Introduction

Power Generation, Transmission, and Use

Markets, Regulation, and Oversight

Impacts of Power Generation and Transmission

Looking Ahead

Appendices

CEIR Report Map

PPRP Home

Maryland Power Plants and the Environment (CEIR-18)

5.4 PPRP Demonstration Projects

With 86 percent of the state’s CCBs being beneficially used, Maryland is well above the national utilization rate of 45 percent, as reported by the American Coal Ash Association for 2014. PPRP has supported research and demonstration projects for more than 20 years regarding beneficial use of CCBs, particularly those applications that could use massive quantities of CCBs. A wide variety of bench-scale research projects and field-scale demonstration projects have been completed with significant focus being placed on uses of CCBs in underground mine reclamation, restoration of disturbed lands, and manufacturing.

5.4.1 Underground Mine Reclamation

A long history of coal mining in Western Maryland has left a legacy of environmental challenges including acid mine drainage (AMD) as well as land subsidence as aging mine tunnels weaken and collapse. Through demonstration projects such as the Winding Ridge Project and the Kempton Man Shaft project, PPRP demonstrated the feasibility of injecting grouts made from 100% CCBs into underground mines to reduce acid-producing reactions and to help restore natural ground water flow patterns.

Desktop research projects have characterized the broad extent of opportunities for such uses on a larger scale. PPRP sponsored a review of the Works Progress Administration (WPA) Maryland Mine Sealing Program of the 1930s that sought to mitigate AMD by sealing mine openings. The program was largely judged to be unsuccessful in mitigating AMD; however, the extent of the Mine Sealing Program and reasons for its failure to impact acid mine drainage were investigated as guidance for large-scale use of CCB grouts in mine applications. In addition, PPRP supported efforts of the Maryland Department of the Environment Abandoned Mine Lands Division (MDE AMLD) to address a mine blow out at the McDonald Mine that overwhelmed the doser treating its effluent (Figure 5-15).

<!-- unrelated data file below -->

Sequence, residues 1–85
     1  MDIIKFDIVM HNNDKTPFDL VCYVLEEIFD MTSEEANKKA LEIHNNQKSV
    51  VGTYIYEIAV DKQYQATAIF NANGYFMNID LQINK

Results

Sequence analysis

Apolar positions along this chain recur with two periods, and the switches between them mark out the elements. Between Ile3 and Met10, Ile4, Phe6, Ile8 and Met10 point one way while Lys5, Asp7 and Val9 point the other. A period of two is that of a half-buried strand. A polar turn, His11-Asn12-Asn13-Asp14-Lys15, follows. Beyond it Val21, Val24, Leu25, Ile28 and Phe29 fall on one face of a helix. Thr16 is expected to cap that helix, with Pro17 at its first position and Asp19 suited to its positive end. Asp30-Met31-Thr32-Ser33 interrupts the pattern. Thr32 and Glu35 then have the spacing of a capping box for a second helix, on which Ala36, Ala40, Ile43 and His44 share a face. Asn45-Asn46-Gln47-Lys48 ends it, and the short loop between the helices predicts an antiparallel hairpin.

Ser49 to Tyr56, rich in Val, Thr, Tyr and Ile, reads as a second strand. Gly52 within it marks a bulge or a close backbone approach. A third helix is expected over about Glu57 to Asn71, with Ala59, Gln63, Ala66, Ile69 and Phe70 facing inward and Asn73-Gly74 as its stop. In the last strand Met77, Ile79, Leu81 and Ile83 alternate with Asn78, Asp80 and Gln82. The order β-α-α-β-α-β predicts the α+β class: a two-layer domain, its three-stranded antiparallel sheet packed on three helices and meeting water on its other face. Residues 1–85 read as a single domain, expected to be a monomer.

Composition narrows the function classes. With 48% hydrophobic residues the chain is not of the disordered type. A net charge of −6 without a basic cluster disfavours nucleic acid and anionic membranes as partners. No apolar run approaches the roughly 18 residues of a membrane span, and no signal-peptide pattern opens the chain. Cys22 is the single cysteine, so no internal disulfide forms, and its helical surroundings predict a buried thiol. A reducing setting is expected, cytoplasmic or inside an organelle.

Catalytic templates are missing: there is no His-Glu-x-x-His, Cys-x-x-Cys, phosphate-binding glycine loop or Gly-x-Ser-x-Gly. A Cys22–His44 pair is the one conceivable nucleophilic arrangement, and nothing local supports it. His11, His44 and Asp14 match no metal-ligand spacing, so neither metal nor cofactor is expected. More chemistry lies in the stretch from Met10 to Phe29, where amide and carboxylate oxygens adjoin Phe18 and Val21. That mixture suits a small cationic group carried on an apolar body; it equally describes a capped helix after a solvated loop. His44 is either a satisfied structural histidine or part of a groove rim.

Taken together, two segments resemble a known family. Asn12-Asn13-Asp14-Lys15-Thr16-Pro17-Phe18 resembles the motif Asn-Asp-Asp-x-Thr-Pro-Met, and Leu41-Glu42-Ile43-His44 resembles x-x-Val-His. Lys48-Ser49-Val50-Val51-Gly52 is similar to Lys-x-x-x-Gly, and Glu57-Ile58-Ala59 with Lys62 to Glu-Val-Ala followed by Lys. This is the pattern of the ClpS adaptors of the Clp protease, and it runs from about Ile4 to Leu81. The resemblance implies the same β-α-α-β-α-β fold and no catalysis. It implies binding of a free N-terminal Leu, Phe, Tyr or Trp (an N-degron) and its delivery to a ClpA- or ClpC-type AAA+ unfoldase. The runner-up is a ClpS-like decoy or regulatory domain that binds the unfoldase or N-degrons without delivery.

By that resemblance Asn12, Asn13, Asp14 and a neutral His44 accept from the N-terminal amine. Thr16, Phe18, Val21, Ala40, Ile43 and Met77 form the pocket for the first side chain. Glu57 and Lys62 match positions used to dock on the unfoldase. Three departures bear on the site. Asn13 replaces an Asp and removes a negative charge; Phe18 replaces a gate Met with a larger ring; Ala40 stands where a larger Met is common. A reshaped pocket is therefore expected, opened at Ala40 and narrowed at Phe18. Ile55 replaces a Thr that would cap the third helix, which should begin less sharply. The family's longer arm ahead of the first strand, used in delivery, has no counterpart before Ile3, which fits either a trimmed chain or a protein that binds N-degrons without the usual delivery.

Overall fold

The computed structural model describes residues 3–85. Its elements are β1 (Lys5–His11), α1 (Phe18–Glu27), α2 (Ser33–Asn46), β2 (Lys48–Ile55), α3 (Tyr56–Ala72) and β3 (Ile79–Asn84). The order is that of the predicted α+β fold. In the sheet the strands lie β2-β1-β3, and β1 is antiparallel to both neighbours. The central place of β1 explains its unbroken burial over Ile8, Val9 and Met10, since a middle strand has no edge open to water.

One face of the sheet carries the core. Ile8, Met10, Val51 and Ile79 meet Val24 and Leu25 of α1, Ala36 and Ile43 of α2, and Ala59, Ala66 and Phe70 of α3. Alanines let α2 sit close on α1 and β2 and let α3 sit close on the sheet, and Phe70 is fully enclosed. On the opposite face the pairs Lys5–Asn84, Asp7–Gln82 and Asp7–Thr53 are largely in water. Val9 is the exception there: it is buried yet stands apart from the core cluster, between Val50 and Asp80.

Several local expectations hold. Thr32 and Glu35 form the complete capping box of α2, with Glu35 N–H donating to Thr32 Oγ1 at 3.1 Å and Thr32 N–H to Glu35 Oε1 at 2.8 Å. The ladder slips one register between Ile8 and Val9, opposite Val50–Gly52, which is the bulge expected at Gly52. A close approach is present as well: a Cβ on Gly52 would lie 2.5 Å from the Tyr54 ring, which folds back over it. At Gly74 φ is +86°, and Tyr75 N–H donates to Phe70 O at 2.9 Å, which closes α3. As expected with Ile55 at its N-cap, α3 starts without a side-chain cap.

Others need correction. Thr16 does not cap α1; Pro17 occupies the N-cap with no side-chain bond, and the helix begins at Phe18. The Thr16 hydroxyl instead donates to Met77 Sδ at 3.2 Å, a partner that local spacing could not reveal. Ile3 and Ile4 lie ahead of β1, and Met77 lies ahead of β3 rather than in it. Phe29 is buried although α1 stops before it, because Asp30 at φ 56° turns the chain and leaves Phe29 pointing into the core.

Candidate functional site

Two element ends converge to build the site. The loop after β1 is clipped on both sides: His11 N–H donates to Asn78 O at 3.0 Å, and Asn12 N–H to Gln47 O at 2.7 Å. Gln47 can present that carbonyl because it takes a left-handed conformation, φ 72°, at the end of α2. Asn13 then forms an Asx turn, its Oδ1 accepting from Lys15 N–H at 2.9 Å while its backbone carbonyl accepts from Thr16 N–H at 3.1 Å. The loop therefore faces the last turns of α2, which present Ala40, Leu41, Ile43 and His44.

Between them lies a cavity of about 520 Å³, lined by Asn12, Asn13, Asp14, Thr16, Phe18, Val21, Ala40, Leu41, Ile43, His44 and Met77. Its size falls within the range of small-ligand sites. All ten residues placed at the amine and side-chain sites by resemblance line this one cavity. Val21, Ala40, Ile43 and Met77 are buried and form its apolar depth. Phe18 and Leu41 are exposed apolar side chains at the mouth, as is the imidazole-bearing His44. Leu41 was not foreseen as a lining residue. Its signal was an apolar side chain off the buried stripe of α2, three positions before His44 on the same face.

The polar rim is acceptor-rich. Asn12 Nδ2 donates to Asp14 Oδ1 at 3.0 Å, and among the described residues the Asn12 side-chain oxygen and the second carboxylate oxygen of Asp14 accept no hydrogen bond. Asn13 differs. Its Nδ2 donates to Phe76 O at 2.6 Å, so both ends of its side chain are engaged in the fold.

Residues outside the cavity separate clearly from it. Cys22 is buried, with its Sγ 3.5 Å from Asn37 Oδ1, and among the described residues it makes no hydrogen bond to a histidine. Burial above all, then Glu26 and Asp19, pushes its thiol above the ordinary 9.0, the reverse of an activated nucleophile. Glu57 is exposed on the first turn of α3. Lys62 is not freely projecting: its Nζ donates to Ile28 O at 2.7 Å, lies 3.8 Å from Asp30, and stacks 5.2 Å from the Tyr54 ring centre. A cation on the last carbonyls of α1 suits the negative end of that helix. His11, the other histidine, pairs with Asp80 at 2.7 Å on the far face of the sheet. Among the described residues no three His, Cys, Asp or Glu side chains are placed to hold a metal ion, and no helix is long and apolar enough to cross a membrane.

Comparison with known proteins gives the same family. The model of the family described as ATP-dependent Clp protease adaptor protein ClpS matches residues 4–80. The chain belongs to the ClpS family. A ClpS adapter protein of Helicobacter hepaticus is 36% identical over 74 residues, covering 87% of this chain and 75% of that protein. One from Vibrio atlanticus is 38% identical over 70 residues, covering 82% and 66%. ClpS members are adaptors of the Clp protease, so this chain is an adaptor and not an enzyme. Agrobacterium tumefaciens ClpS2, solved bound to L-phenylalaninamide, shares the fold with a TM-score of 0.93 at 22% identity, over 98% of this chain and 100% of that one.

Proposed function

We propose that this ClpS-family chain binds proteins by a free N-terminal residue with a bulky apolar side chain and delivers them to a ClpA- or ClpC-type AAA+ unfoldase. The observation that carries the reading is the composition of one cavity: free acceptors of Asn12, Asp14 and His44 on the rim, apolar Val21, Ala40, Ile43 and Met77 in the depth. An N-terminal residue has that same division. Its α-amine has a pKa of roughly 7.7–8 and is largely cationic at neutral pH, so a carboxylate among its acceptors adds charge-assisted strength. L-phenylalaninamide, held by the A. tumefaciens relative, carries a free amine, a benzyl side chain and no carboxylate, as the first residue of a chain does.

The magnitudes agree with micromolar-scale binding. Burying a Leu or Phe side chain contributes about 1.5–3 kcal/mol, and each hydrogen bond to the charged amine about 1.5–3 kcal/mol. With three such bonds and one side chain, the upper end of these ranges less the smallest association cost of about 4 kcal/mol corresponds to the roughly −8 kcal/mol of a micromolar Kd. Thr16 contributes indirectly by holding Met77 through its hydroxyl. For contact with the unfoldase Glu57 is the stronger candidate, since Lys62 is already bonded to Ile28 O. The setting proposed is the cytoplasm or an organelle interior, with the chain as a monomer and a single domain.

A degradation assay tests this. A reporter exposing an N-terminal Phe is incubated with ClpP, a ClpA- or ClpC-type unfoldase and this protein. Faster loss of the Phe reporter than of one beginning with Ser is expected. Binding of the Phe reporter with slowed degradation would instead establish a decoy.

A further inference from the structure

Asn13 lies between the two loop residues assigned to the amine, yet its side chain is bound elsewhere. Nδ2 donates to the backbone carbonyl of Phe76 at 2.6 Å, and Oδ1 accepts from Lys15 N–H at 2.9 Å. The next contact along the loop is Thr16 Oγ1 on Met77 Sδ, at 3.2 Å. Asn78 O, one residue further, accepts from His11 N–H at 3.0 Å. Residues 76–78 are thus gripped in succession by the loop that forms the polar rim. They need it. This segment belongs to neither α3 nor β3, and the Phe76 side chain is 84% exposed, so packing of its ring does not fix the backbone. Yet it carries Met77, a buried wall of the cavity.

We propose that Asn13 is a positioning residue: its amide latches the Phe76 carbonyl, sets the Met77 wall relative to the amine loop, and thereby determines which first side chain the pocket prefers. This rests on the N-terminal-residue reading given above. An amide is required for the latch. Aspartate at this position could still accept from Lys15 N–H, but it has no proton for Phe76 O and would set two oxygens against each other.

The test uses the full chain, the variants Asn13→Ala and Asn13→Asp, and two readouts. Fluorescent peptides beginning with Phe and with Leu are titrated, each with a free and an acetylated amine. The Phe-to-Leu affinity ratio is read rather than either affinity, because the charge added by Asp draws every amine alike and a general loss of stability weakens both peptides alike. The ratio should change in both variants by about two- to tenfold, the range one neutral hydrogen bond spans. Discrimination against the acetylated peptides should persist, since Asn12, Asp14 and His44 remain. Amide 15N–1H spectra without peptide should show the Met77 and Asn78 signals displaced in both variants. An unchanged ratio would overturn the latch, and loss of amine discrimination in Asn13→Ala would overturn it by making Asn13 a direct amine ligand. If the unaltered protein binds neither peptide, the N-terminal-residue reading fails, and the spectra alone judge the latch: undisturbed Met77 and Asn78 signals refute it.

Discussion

Figure 5-15 McDonald Mine Seep

The image shows a man standing the post-blow out mine discharge at the McDonald Mine

Photo courtesy of WMGISC

Photo of treatment system components added to help treat additional post-blowout discharge

Photo on left shows the post-blow out mine discharge at the McDonald Mine. Photo on the right shows treatment system components added to help treat additional post-blowout discharge. (Cylindrical shape in background is the doser that was already present at the site.)

PPRP and MDE AMLD collaborated on investigations of how to bring the increased flow under control, manage the large volume of sediment being generated, and provide more effective treatment in the limited space available between the mine discharge and Georges Creek. Opportunities for CCB use in the form of grout and concrete were included in these investigations. PPRP further supported a benchtop weathering study of CCBs to demonstrate their stability in the presence of acidic waters typical of AMD.